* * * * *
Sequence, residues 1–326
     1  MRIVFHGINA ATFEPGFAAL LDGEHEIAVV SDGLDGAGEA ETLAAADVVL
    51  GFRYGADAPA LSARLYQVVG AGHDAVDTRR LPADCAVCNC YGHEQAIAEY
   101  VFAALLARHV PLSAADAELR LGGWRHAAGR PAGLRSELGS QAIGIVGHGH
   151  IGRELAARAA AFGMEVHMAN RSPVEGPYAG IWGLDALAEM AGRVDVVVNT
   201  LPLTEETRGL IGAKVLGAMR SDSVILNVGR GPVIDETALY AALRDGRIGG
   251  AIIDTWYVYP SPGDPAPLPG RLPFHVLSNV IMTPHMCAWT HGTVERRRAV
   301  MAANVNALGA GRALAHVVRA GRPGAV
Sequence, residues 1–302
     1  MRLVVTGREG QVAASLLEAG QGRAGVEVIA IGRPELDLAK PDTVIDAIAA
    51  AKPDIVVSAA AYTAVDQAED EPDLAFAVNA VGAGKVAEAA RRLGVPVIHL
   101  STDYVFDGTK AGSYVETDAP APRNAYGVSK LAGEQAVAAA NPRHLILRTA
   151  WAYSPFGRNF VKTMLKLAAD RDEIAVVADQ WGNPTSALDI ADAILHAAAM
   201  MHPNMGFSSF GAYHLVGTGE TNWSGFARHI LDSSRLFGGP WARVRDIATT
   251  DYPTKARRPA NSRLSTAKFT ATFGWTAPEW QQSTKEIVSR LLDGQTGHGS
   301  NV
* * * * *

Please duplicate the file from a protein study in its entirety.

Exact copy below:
Sequence, residues 1–326
     1  MRIVFHGINA ATFEPGFAAL LDGEHEIAVV SDGLDGAGEA ETLAAADVVL
    51  GFRYGADAPA LSARLYQVVG AGHDAVDTRR LPADCAVCNC YGHEQAIAEY
   101  VFAALLARHV PLSAADAELR LGGWRHAAGR PAGLRSELGS QAIGIVGHGH
   151  IGRELAARAA AFGMEVHMAN RSPVEGPYAG IWGLDALAEM AGRVDVVVNT
   201  LPLTEETRGL IGAKVLGAMR SDSVILNVGR GPVIDETALY AALRDGRIGG
   251  AIIDTWYVYP SPGDPAPLPG RLPFHVLSNV IMTPHMCAWT HGTVERRRAV
   301  MAANVNALGA GRALAHVVRA GRPGAV
Sequence, residues 1–302
     1  MRLVVTGREG QVAASLLEAG QGRAGVEVIA IGRPELDLAK PDTVIDAIAA
    51  AKPDIVVSAA AYTAVDQAED EPDLAFAVNA VGAGKVAEAA RRLGVPVIHL
   101  STDYVFDGTK AGSYVETDAP APRNAYGVSK LAGEQAVAAA NPRHLILRTA
   151  WAYSPFGRNF VKTMLKLAAD RDEIAVVADQ WGNPTSALDI ADAILHAAAM
   201  MHPNMGFSSF GAYHLVGTGE TNWSGFARHI LDSSRLFGGP WARVRDIATT
   251  DYPTKARRPA NSRLSTAKFT ATFGWTAPEW QQSTKEIVSR LLDGQTGHGS
   301  NV